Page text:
|Publication number||US4201112 A|
|Application number||US 05/925,236|
|Publication date||May 6, 1980|
|Filing date||Jul 17, 1978|
|Priority date||Jul 17, 1978|
|Publication number||05925236, 925236, US 4201112 A, US 4201112A, US-A-4201112, US4201112 A, US4201112A|
|Inventors||James D. Owens|
|Original Assignee||Owens James D|
|Export Citation||BiBTeX, EndNote, RefMan|
|Patent Citations (7), Referenced by (2), Classifications (20)|
|External Links: USPTO, USPTO Assignment, Espacenet|
The present invention relates to ice cream dispensers, and especially to an ice cream dispenser for dispensing portions from a block of packaged ice cream.
In the past, it has been common to provide a large variety of refrigerated mechanisms having dispensers mounted thereon. Typical of the prior art are ice cream freezers, in which ice cream is made in the freezer portion of a refrigerator or in a separate freezer and has a dispenser for dispensing the ice cream in a soft flowing state. Typical ice cream mixers and dispensers may be seen in U.S. Pat. No. 2,125,693 for a dessert freezer, which includes a power driven agitator equipped freezing unit for mixing ice cream, and also includes means for dispensing the ice cream. Similar units may be seen in U.S. Pat. No. 2,416,326, for an ice cream freezer which produces ice cream for table use by agitating the ingredients in the freezer, and in U.S. Pat. No. 2,265,867 an ice cream freezer is provided with its own refrigeration coils for making ice cream without the use of ice. U.S. Pat. No. 2,209,979 illustrates a different type of apparatus for serving frozen confection products directly from a freezer. Other devices that will attach to existing freezer units include ice making machines which sometimes dispense and crush the ice made in the freezer. A typical refrigerator ice service may be seen in U.S. Pat. No. 3,640,088 and in U.S. Pat. No. 2,990,864, for a refrigerated food processing meat chopper or grinder which includes a refrigerated portion for grinding and dispensing meat or the like.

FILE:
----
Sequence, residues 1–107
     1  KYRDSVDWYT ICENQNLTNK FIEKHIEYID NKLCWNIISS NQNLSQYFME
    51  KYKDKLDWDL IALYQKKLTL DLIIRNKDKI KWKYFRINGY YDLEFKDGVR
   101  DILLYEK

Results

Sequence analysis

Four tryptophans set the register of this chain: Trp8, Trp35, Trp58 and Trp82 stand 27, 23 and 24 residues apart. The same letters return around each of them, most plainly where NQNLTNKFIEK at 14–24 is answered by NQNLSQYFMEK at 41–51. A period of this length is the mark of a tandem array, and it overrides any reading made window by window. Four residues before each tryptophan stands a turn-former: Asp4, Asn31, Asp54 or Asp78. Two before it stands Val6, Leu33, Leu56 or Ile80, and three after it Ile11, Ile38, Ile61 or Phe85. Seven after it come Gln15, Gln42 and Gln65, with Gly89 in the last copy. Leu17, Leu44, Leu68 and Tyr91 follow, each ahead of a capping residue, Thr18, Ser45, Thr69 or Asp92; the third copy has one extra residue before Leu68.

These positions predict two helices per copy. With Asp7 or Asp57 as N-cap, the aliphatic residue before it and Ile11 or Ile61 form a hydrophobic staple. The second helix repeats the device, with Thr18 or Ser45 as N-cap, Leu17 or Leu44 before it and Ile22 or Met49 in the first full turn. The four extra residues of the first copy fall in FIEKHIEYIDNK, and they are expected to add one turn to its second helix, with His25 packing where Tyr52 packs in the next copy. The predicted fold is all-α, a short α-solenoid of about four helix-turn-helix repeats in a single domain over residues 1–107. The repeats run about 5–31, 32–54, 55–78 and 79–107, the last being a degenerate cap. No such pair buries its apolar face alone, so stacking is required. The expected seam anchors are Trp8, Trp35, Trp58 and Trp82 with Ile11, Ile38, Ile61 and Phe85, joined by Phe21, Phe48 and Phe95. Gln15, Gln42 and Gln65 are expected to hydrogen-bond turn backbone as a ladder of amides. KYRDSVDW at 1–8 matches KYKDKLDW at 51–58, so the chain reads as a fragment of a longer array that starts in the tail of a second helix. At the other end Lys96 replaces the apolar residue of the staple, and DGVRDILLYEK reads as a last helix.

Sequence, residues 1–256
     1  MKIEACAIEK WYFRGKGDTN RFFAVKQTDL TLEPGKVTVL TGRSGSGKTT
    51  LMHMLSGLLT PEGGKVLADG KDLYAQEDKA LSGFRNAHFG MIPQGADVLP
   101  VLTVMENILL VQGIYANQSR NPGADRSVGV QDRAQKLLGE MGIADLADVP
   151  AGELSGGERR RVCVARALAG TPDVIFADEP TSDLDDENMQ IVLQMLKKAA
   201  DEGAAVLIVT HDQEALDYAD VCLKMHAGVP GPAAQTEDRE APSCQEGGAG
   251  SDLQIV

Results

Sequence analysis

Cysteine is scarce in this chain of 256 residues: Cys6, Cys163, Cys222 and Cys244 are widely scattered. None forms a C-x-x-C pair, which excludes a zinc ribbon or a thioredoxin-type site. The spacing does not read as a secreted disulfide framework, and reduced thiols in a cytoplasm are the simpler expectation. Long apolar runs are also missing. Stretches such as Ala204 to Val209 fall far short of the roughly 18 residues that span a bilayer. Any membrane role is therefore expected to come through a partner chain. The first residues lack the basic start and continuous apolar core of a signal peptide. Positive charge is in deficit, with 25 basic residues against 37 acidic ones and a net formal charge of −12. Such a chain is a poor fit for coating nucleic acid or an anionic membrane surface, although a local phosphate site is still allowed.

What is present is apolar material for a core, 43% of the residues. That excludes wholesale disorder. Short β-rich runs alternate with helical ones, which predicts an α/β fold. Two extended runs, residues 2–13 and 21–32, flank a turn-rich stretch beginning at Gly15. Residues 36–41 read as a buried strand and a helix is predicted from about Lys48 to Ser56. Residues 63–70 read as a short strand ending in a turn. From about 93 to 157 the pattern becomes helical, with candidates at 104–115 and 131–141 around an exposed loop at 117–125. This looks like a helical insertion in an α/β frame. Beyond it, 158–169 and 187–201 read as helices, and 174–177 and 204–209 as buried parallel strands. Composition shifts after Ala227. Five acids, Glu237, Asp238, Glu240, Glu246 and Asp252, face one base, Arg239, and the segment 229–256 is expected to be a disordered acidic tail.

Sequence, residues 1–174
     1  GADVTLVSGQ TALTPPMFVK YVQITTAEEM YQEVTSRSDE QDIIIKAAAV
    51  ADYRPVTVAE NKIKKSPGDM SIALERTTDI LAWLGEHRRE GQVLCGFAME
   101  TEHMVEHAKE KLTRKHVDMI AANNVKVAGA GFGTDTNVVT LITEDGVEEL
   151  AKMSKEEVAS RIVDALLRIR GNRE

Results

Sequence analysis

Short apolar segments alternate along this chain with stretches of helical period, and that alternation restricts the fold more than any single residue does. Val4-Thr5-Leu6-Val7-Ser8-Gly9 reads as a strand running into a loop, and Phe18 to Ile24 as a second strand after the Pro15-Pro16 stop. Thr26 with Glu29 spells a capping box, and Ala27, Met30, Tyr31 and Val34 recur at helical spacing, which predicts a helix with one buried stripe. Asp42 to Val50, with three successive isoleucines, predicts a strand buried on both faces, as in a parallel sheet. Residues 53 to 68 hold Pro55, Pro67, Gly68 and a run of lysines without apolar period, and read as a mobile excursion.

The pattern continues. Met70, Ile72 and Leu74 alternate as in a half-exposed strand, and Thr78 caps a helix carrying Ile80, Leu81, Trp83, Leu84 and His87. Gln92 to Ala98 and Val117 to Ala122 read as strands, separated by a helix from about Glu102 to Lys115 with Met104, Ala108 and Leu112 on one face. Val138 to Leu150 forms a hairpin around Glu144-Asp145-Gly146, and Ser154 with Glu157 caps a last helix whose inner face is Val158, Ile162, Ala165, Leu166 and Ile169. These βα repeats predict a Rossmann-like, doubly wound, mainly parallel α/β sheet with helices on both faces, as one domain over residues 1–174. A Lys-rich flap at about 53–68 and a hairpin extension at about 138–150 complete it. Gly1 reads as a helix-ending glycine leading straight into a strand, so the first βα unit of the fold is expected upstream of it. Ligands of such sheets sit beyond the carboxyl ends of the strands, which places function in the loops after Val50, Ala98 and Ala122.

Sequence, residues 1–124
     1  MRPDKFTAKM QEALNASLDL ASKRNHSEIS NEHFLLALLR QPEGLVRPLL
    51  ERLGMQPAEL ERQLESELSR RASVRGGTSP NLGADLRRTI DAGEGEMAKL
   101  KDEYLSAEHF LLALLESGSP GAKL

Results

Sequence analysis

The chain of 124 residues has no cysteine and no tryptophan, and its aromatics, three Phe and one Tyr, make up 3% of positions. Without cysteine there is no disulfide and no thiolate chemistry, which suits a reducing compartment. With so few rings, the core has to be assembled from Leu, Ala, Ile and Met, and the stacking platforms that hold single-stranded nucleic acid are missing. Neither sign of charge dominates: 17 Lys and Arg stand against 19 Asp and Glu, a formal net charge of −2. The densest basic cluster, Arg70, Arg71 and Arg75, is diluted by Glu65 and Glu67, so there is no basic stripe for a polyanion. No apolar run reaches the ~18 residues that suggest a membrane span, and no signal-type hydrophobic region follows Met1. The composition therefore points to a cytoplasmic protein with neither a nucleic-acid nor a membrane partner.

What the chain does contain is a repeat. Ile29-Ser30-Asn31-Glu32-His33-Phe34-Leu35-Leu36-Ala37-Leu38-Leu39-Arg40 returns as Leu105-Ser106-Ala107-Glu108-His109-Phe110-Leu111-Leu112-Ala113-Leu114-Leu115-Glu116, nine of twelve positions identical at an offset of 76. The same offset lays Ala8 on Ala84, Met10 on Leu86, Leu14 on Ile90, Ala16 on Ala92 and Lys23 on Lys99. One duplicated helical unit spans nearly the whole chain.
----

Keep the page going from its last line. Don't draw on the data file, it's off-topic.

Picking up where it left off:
The present invention, on the other hand, mounts in a household freezer, similar to an ice making machine, but uses ice cream purchased in a supermarket or other store in half-gallon blocks which may be inserted into separate canisters so that when the ice cream is desired, it may be quickly slid into the ice cream dispenser mounted in the freezer, and an actuating button pushed to deliver ice cream to a bowl. The ice cream delivery ceases when the actuating switch is released, thereby allowing the user to accurately determine the portion that he desires, and providing him with ice cream which is cut into smaller pieces from the large block of ice cream.
The present invention relates to an ice cream dispenser attachment for a home refrigerator or freezer which has a container which is removably mounted to the inside of the freezer. The container has a hinged front cover having cutting blades mounted therein, which allows a half-gallon canister of ice cream to be slid into the container and the hinged cover closed. The dispenser may be operated by a switch which actuates a motor which in turn drives a pushing mechanism to push the ice cream towards the cover and which motor simultaneously drives the blades located in the hinged cover for cutting off slices of ice cream from the block of ice cream and dispensing the ice cream beneath the cover into a bowl held by the user. The ice cream pushing mechanism utilizes a scissor type lattice network which is driven by a rotating screw operating in a nut attached to the lattice work, while the cutting blades are guillotine blades mounted on endless flexible blade supports rotating on sprockets.
Other objects, features and advantages of the present invention will be apparent from the written description and the drawings, in which:
FIG. 1 is an exploded perspective view of an ice cream dispenser attachment for a home freezer; and
FIG. 2 is a fragmentary exploded perspective view of the ice cream dispenser of FIG. 1 showing the operating mechanism of the dispenser.